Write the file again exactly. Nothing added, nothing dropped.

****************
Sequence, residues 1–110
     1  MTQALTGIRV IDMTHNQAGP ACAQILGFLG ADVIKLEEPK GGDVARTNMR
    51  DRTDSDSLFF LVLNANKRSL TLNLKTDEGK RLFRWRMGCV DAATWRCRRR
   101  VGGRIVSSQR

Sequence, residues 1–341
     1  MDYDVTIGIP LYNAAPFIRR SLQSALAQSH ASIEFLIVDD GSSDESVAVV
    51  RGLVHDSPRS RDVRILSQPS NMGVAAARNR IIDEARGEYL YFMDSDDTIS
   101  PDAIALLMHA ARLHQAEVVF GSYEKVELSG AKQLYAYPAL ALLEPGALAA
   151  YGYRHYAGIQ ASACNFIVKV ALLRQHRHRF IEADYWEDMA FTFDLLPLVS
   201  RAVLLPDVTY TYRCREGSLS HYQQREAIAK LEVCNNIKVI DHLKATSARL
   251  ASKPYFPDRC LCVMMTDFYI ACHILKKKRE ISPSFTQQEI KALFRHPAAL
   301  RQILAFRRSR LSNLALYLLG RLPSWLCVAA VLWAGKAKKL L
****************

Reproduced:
Sequence, residues 1–110
     1  MTQALTGIRV IDMTHNQAGP ACAQILGFLG ADVIKLEEPK GGDVARTNMR
    51  DRTDSDSLFF LVLNANKRSL TLNLKTDEGK RLFRWRMGCV DAATWRCRRR
   101  VGGRIVSSQR

Sequence, residues 1–341
     1  MDYDVTIGIP LYNAAPFIRR SLQSALAQSH ASIEFLIVDD GSSDESVAVV
    51  RGLVHDSPRS RDVRILSQPS NMGVAAARNR IIDEARGEYL YFMDSDDTIS
   101  PDAIALLMHA ARLHQAEVVF GSYEKVELSG AKQLYAYPAL ALLEPGALAA
   151  YGYRHYAGIQ ASACNFIVKV ALLRQHRHRF IEADYWEDMA FTFDLLPLVS
   201  RAVLLPDVTY TYRCREGSLS HYQQREAIAK LEVCNNIKVI DHLKATSARL
   251  ASKPYFPDRC LCVMMTDFYI ACHILKKKRE ISPSFTQQEI KALFRHPAAL
   301  RQILAFRRSR LSNLALYLLG RLPSWLCVAA VLWAGKAKKL L